I didn't want to think about. The answer was "too many," even if it had only been one.

I'm a softie and so is my husband. Even the kids on Santa's naughty list deserves one toy for Christmas. Yet, there will be so many, too many, without any presents at all. Wipes and diapers, if they are lucky.

Will you please do me, my husband and Siobhann a favor this year? Consider it your Christmas present to us, if you would please. Take a star or angel off one of the trees you see in the store. Take a gift card to you local charities; no amount is too small. If that isn't possible, drop some change in the Salvation Army bucket. Maybe take a can of food or a loaf of bread to your local food bank or other charity that helps people in need at Christmas. If that too is out of your budget, whisper a little prayer for those who are in worse shape than you and I. And, be thankful for what you have, no matter how little it is.

I'm sure there are other boys and girls who will be thrilled for a box of wipies. Think of how they will feel to find a toy or much needed shoes or a coat. Think of how thankful the parents will be. It's a little thing to do, but no gift is ever too small when it given from the heart.

Shameless Plug

I'm so proud I could pop! Siobhann, my four year old daughter, just started her very first blog. Yes, a four year old is blogging on the internet. It all started quite innocently...

For the past few weeks, Siobhann has been pretending to have a website and a blog like I do. She would take "photos" with her toy camera and type about them on a Word document. I didn't think too much about it. She was having fun with it. Then, I got to thinking...

"Siobhann could do this for real." Seriously. Whatever she wrote couldn't be as bad as some of the stuff adults are putting out there for all the world to see. She loves to tell me and her Daddy stories. Why not put them on the internet?

I started the blog for her. I chose a simple background and gave it a title. I write a few little things in the sidebar, explaining the overly-simple concept. Siobhann chose the colors for the blog and wrote her first story.

Then, she wanted to take pictures. We made it clear that we (her Daddy and I) would never allow a picture of her or of us to be posted. I told her there were people who weren't very nice that could do bad things with them. A little tough to explain freaks, weirdos and sickos to a four year old, but I thing we did okay.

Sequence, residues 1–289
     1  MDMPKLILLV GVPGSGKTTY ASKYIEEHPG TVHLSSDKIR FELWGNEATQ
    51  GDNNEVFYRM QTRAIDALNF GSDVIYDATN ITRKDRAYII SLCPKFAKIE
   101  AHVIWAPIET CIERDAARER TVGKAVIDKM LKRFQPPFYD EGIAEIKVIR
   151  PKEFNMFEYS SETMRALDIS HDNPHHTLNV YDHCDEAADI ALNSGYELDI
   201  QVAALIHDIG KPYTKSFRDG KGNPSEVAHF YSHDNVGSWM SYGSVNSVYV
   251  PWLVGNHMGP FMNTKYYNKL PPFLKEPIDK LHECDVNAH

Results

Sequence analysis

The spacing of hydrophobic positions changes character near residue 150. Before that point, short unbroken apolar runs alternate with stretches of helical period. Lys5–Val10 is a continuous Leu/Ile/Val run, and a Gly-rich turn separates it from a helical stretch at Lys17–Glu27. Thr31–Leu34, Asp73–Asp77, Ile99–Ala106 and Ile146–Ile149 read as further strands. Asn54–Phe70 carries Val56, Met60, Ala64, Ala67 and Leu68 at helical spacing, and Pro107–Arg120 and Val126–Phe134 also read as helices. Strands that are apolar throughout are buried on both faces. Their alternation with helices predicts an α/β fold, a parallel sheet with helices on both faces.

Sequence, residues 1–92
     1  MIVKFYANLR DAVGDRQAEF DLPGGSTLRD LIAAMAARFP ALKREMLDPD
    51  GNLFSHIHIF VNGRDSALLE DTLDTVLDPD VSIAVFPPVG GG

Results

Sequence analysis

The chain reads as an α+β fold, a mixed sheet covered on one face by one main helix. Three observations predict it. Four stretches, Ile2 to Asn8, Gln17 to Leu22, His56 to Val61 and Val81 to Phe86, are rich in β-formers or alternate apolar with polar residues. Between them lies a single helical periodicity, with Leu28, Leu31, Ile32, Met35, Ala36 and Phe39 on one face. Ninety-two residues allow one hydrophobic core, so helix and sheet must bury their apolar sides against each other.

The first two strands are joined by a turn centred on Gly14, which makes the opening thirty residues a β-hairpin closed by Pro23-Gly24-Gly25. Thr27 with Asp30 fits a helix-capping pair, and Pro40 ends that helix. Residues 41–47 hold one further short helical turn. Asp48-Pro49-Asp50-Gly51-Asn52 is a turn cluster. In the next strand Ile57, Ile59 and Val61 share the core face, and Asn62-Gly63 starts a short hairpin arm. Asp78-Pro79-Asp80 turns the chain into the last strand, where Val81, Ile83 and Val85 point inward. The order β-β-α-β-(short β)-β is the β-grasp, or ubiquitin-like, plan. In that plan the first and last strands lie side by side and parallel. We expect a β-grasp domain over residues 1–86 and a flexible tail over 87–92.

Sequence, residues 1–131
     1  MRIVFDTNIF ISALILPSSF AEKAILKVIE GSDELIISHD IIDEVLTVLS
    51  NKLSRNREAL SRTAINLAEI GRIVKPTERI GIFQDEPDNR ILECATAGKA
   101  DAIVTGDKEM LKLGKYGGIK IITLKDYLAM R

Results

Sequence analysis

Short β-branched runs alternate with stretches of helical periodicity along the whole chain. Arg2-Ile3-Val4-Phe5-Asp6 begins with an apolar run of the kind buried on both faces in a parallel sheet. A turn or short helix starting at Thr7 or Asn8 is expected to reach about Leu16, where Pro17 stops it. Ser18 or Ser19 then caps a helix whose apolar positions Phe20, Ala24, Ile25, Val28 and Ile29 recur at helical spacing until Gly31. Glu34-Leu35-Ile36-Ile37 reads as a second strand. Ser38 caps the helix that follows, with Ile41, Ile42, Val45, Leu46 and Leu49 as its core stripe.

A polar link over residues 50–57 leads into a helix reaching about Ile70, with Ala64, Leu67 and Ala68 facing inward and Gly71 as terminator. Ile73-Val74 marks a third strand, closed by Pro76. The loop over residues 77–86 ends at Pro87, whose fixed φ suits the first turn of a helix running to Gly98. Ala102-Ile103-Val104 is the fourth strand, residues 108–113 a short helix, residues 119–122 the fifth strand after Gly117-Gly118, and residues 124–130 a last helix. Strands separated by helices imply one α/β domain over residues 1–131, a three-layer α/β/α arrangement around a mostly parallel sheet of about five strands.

Just like her Momma, Siobhann is hooked on blogging. I think she may have a knack for it. Her stories are good and so are her photos. Okay, I am prejudice.

I have yet to see anything like this on the internet. Have you seen a blog completely designed and written by a not-quite five year old? She's doing almost everything herself. I type for her, word to word. I download the photos and crop them. That is it. She is doing everything else. She's even learning how to type, crop photos and other "blogging" skills. Well, SEO will come later.

Wouldn't it be something if her blog took off? That thought never occurred to me until I started getting wonderful feedback from my Twitter friends. They seem to love the idea. Siobhann even has two subscribers, me and one of my Twitter friends.

I'm excited. We are adding this to our home school curriculum. She's learning all sorts of computer things as well as writing, spelling and grammar. This is beyond super cool!

The best part is I'm seeing a side of Siobhann that is new to me. She's very picky about her writing. I can't change a single word. There are a lot of "veries" and flat adjective like big, but it is still good writing for someone her age. I can't wait to see her develop as a writer.

I so want to use a warning to all bloggers, including myself. "Be careful; there's a new kid in town. And, she's good. She's only going to get better."

That's my shameless plug. Check her blog out for yourself. Subscribe, if you like, so you can keep up with whatever is going on in her head. Just like me, you never know what she might right about.